Infographic: Radius. Click on image to enlarge.

    What if there were March Madness playoffs for small businesses? We asked Darren Waddell, VP of Marketing at Radius, to show us what his bracket would look like. Waddell dove into the massive Radius databank, which indexes information about small businesses all over the country. Based on aggregated customer ratings available from sources such as Yelp, Citysearch, Open Table, and others, Waddell ranked the performance of small businesses in each of the college towns that host teams that made it into the NCAA Sweet 16. Since some rating systems use 4 stars and others 5, Waddell normalized for that.

    The scores aren’t necessarily predictors of profitability, Waddell points out. “They’re more about performance—the business patrons’ satisfaction with customer service, the quality of the product or craftsmanship, and the trustworthiness of the business,” he says.

    With 6 percent of its businesses getting 4 and 5 star ratings, Michigan’s Ann Arbor is top-ranked for happy customers—making it the

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  • Internal Partnership

    The term customer is most commonly associated with someone who purchases goods or services, but Joseph Juran, the famous management consultant, taught that organizations have both internal and external customers, and internal customers have a direct link to a positive external customer experience.

    The external customer is the person who purchases the goods or services, while the internal customer is anyone within an organization who at any time is dependent on anyone else within the organization.

    We all know the importance of taking care of the external customer (the people who purchase our products and services), but successful organizations recognize the importance of taking care of the internal customers – employees and any other stakeholders. For example, if a secretary is dealing with computer issues, the IT department considers that person an internal customer and makes as much of an effort to meet her needs as the call center person does to take care of the external customers

    Read More »from Internal Customers: Do You Know Who They Are?
  • Credit Accountability

    It was hailed as the deathblow to unfair credit card practices. In 2009, President Barack Obama signed the Credit Card Accountability Act. The law contains several strong provisions aimed at protecting cardholders. But it doesn’t cover business owners using corporate cards.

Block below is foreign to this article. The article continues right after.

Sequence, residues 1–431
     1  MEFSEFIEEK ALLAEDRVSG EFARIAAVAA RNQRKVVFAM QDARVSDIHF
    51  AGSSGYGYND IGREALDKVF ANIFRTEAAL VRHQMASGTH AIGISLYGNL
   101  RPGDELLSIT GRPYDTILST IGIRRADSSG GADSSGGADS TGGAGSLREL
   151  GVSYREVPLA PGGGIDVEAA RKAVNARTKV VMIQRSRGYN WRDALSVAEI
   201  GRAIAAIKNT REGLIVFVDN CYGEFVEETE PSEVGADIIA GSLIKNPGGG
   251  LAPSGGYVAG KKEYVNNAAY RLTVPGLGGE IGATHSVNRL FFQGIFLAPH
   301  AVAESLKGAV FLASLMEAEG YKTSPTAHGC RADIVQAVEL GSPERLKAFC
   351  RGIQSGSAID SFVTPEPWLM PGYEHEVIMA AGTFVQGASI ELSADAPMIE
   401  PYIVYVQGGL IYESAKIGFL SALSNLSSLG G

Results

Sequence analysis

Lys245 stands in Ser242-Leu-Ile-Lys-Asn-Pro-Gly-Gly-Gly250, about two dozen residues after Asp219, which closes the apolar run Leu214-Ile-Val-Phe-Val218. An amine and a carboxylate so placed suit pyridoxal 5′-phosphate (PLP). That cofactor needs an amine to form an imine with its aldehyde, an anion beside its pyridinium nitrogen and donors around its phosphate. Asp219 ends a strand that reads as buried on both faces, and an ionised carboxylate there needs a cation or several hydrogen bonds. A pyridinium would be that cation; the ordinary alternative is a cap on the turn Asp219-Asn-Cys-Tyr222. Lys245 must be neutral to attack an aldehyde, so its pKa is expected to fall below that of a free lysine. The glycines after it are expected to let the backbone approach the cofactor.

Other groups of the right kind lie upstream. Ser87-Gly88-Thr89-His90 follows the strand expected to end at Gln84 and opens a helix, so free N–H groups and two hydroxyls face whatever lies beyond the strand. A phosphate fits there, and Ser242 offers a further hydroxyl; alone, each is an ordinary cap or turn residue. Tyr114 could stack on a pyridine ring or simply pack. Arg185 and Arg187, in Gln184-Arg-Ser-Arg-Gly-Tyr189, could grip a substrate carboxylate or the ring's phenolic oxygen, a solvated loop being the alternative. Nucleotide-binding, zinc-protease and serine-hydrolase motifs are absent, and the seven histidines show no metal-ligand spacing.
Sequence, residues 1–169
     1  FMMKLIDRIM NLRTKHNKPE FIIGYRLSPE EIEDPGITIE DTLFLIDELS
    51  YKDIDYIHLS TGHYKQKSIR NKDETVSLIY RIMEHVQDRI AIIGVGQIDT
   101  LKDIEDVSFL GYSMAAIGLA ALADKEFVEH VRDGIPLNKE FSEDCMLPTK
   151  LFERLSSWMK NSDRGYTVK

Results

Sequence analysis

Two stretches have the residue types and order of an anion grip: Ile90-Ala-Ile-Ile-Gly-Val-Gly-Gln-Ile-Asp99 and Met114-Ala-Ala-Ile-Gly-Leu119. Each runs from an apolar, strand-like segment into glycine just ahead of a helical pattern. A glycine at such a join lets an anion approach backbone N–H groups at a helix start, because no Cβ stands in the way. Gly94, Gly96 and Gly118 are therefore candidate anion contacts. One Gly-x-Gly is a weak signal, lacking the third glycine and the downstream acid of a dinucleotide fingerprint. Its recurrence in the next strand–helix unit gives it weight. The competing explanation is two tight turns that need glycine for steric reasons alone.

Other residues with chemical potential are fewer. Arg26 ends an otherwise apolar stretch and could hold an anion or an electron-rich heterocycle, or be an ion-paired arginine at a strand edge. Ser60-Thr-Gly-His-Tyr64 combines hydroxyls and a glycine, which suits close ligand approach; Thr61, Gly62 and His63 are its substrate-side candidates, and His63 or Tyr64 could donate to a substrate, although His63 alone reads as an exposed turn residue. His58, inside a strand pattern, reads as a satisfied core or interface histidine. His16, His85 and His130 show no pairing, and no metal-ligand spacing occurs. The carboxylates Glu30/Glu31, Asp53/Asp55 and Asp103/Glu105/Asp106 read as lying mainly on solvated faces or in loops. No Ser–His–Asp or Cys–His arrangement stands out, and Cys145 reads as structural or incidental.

While the law may have been a victory for the consumer, it has it its critics including business owners who point out that the law does not apply to corporate cards. That is because the law is an amendment of the Truth in Lending Law and that applies only to consumer loans, not credit lines for businesses.

    The Act was designed to ensure that credit card companies do not take advantage of consumers through unfair rate hikes. Credit card companies may not charge additional fees for payments made over the phone or online; cannot charge inactivity fees if the card has not been used for months; and must include a minimum payment disclosure statement that clearly explains how long it will take you to pay off the balance

    Read More »from Does the Credit Card Accountability Act Protect Small Business Owners?
  • Health care reform delay extends uncertainty for business

    A key small-business friendly component of the Affordable Care Act won’t go into effect as soon as planned. The Act, passed in 2010, stipulated that Small Business Health Options Programs would establish group health insurance exchanges for small employers in each state. The so-called SHOPs would, beginning in January 2014, offer employees of those businesses a choice of coverage options.

    The idea was to streamline the administrative process for small employers, enable groups of them to access the rates that large employers enjoy, and let employees shop around, presumably driving down costs by forcing greater competition among insurance providers.

    But on March 11, the Health and Human Services Department proposed an amendment to the Affordable Care Act that delays by a year the offer of a choice of health insurance providers to employees:

    “The effective date of the employer choice requirements ... and the premium aggregation requirements ... for both State-based SHOPs and FF-SHOPs will

    Read More »from Health care reform delay extends uncertainty for business
  • What most small business owners still don’t get about blogging

    An organic farmer and sustainable agriculture expert told me recently that the proprietor of a farm-to-table restaurant in her community had asked if she would be willing to write a blog about farming for the restaurant’s website. He told her the blog need not make any mention of his restaurant or its menu at all—just write about farming, he said.

    She was delighted, but also befuddled. Why would the restaurant want a blog that didn’t market the restaurant?

    This savvy restaurateur understands something many small business owners have yet to grasp. The trick to reeling in new customers in the age of online search is to provide content—useful, informative, engaging content that answers the questions your potential customers enter in their browser’s search field.

    If you’re unfamiliar with it, the increasingly popular tactic is called “content marketing.” Search the term itself to find reams of information about how it’s done.

    I pointed my farmer friend to the most concise and brilliant

    Read More »from What most small business owners still don’t get about blogging